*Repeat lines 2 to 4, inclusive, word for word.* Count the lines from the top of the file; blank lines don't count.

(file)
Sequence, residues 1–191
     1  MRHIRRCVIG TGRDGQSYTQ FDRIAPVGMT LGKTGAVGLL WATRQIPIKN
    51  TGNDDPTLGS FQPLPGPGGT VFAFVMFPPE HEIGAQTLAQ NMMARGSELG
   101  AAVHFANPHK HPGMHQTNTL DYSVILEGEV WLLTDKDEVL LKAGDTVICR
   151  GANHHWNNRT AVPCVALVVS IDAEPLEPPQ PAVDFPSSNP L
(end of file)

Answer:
     1  MRHIRRCVIG TGRDGQSYTQ FDRIAPVGMT LGKTGAVGLL WATRQIPIKN
    51  TGNDDPTLGS FQPLPGPGGT VFAFVMFPPE HEIGAQTLAQ NMMARGSELG
   101  AAVHFANPHK HPGMHQTNTL DYSVILEGEV WLLTDKDEVL LKAGDTVICR